No one wants to walk right into a hacker’s trap. But “phishers” count on unsuspecting online users to do just that.
“Phishing” is a tactic criminals use to acquire your personal information via fake emails, text messages, and bogus websites. Although you should take it seriously, phishing is little more than a nuisance if you know what to look for. Heed the tips below to avoid the hook and keep your personal information safe.
Be wary of emails and texts asking for personal information
Phishing emails usually ask you to provide personal information of some kind.
Legitimate emails and text messages from reputable companies won’t ask you for personal information like account numbers, passwords, and social security numbers.
Signs you’ve received a phishing email or text message include:
- The message requests personal information, like a password or credit card number.
- The sender’s email address or phone number doesn’t match the company it claims to be from.
- The url of the company’s website doesn’t match the one in the link included in the message.
- The message differs from other messages you’ve received from the company.
Think twice before clicking on links, attachments, and pop-ups
Moreover, don’t click at all on links, attachments, and pop-ups from unknown sources. If you receive a suspicious email, don’t respond or click on any links within the message. The link may lead to a website infected with a virus that ends up compromising your computer. Or, just as bad, the website could become a portal the hacker can use to access your computer.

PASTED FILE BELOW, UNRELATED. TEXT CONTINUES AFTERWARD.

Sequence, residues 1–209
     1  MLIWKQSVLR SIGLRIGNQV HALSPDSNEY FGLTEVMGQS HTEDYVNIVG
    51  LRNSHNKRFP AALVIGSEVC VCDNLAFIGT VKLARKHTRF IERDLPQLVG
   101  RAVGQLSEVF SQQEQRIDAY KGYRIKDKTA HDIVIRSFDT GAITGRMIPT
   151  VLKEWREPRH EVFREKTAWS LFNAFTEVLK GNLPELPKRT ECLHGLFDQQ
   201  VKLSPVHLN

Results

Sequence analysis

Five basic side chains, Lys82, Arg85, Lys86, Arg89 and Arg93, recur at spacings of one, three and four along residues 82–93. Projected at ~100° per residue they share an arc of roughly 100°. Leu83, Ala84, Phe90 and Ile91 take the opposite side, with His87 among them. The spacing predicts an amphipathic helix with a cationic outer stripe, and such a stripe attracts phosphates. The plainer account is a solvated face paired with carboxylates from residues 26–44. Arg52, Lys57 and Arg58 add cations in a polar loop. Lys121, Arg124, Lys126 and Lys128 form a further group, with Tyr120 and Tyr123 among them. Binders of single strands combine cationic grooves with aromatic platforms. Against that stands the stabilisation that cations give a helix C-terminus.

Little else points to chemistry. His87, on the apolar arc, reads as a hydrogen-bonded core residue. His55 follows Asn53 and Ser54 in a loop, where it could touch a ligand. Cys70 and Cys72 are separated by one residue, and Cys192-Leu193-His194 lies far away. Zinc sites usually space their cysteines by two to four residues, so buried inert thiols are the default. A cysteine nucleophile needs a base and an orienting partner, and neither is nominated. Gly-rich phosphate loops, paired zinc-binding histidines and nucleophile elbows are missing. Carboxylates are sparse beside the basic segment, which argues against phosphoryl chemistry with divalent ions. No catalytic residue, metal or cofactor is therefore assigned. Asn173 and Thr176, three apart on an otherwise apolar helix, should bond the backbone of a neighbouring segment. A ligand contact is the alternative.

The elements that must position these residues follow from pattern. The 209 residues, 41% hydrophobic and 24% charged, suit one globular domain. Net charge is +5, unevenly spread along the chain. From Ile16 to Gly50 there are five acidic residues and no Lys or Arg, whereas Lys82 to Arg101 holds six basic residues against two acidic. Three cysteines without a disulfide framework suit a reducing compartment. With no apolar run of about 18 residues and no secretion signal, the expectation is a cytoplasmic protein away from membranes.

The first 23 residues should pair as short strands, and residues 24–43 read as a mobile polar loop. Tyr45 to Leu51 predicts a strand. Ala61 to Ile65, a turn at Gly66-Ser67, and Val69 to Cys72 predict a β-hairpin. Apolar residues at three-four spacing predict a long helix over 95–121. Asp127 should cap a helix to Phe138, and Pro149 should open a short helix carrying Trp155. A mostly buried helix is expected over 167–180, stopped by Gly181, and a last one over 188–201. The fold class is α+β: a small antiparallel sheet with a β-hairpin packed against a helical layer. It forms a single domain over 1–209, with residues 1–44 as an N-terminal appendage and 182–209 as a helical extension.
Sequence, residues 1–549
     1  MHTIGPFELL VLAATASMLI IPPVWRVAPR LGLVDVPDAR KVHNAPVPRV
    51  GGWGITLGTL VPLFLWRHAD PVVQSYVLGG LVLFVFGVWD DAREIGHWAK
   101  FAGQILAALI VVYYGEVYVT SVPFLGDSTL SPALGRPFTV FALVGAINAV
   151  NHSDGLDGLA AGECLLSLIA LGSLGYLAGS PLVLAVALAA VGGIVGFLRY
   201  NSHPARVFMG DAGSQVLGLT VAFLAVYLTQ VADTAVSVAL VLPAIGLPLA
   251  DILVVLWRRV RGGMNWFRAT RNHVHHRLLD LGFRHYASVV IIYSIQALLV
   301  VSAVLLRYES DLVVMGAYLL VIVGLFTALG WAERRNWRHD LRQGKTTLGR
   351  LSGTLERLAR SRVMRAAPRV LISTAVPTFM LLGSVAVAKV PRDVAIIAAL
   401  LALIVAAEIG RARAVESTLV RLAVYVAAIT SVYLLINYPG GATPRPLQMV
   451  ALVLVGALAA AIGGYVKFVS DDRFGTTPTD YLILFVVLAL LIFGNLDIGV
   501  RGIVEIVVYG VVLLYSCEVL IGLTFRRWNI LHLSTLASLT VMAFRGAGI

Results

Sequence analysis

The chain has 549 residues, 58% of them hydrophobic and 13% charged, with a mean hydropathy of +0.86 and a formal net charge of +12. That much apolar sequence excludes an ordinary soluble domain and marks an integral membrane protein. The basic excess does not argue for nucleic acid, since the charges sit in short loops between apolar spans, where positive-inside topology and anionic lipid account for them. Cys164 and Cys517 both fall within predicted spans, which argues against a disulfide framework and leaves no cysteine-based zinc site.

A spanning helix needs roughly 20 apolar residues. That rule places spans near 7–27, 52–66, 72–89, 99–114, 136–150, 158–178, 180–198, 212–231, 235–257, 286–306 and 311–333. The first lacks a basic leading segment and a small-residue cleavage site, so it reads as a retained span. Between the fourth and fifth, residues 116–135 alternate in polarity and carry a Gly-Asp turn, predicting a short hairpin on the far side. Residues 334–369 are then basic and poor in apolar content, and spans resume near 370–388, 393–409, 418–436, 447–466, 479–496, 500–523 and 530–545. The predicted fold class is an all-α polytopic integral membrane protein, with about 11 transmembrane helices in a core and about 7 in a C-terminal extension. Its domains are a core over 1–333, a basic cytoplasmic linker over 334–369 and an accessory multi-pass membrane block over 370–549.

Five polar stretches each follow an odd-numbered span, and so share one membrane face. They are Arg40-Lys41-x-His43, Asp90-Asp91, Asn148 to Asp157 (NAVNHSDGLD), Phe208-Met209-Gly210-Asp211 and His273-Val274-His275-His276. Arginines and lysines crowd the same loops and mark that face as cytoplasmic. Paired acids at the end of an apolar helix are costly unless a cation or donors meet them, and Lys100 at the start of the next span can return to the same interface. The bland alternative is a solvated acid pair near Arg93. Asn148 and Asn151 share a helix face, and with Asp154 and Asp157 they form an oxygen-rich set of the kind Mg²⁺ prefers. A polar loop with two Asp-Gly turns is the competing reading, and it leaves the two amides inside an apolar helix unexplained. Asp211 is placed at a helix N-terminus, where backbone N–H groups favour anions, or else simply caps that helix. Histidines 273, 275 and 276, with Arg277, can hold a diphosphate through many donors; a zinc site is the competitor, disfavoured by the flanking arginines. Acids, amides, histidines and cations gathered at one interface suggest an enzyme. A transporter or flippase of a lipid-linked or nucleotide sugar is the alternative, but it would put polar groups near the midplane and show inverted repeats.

The same warning applies to attachments. Don’t open or download attachments from unknown sources. The attachments may contain viruses, spyware, or other malicious software.
Another common form of phishing includes pop-up warnings about security deficiencies on your computer. The pop-up warning typically advises you to download software to fix these so-called deficiencies.
Ironically, the links do the exact opposite of what they claim by tricking you into downloading spyware or some other unwanted program. As a general rule, if the warning doesn’t come from the security software you’ve installed on your own computer—don’t click.
Secure your wireless network, computer, and mobile devices
You can take steps to secure your home wireless network, computers, and mobile devices against phishing and other online security risks. Enable firewalls and install anti-virus and anti-spyware programs on your computers. Be sure to keep those programs up to date. After all, software developers don’t issue those updates just to annoy you with reminders. Such updates usually fix some security vulnerabilities, so make sure the software on each of your mobile devices is up-to-date, too.
Last Edited: December 4, 2017